This is great: a librarian identifies curiously common references to “cuddling” in newspaper discussions of print and electronic books. As in, nobody is ever going to use an e-book reader because you can’t “cuddle” (up with) it.
Preferably, it appears, by a fire. Because apparently everybody’s got a fireplace that they read in front of, and without a proper fire, chair, smoking jacket, and appropriate analog print media, there’s no reason to spend hard money on a book, magazine, or newspaper.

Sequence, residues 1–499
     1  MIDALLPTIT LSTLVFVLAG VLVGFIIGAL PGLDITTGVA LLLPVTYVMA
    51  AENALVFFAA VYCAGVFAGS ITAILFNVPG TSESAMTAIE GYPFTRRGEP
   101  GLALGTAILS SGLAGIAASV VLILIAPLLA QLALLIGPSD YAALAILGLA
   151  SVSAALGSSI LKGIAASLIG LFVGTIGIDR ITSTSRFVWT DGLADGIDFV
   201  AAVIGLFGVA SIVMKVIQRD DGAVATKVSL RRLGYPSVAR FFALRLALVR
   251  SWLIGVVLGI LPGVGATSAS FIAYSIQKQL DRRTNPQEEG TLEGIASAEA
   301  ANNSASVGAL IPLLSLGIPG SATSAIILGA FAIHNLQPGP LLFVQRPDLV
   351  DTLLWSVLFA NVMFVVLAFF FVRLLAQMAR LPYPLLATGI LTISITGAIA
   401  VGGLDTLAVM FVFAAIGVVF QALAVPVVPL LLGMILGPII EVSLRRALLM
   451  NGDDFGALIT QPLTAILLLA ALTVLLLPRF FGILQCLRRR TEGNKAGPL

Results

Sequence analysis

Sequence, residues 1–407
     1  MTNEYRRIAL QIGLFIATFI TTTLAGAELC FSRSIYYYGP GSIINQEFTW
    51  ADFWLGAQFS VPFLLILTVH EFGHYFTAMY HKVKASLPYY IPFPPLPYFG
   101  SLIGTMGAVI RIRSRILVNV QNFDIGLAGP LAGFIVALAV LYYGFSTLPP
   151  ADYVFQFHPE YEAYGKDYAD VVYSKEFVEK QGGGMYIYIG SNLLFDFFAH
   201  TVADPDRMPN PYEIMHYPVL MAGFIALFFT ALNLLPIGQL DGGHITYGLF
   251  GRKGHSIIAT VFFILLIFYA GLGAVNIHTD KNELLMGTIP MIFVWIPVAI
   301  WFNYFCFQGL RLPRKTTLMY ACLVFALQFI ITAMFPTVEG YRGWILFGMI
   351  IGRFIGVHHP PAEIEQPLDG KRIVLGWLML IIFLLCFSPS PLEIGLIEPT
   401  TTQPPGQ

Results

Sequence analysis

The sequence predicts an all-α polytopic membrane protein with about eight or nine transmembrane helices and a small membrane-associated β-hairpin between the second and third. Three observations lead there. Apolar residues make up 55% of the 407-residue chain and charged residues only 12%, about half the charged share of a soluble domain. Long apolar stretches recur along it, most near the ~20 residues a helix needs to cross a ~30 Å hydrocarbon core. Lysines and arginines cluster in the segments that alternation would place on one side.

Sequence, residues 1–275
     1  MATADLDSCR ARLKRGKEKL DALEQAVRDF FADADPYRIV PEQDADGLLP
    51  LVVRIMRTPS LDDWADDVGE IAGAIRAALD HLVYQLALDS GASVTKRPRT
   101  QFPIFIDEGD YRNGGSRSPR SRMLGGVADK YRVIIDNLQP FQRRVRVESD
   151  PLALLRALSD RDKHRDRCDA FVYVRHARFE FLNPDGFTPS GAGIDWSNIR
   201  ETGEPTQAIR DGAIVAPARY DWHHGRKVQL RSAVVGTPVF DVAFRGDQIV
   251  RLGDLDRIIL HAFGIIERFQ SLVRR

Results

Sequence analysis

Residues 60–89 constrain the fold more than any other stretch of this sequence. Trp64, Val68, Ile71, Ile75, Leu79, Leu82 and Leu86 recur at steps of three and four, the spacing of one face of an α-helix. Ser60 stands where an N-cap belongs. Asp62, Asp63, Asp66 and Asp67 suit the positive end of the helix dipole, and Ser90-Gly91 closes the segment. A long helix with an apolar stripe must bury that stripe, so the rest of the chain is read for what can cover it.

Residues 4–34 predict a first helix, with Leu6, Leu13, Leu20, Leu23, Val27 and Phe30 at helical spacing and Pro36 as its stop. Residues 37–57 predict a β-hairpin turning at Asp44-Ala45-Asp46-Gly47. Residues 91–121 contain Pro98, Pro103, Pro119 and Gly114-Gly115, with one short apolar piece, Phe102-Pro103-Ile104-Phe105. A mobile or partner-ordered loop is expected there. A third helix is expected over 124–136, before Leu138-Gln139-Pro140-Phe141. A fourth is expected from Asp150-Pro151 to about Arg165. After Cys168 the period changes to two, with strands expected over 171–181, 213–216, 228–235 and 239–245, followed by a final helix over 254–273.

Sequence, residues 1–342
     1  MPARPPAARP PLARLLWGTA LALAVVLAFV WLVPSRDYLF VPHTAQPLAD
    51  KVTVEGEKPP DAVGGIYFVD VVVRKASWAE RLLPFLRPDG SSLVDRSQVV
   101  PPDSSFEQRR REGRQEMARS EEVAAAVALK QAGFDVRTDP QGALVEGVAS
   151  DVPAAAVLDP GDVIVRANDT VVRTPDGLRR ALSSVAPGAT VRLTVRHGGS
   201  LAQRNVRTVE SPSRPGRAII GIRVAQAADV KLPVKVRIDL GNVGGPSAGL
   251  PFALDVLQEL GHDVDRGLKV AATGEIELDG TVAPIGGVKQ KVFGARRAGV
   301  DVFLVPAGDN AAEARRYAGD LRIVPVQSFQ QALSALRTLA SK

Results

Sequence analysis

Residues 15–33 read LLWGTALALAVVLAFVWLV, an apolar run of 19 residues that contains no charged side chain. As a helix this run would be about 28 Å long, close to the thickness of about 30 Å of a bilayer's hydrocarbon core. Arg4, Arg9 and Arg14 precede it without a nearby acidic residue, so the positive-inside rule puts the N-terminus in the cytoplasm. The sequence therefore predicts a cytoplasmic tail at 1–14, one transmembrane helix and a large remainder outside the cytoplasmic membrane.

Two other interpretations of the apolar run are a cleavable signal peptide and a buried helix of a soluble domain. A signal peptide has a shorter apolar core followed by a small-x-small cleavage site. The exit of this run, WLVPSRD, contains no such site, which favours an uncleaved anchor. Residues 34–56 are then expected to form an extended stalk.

My favorite rejoinder is the one outlier: “Forget about the warmth a real book offers when you cuddle up with it by the fire. People spend so much time on buses and planes, in boring meetings, or at kids’ soccer practices or hockey games.”
I’ve been spending a lot of time lately thinking about sites of reading and the different physical relationships to text they require. It’s fascinating how particular sites and ways of reading crowd out others — often to make a new activity seem MUCH more new than it really is.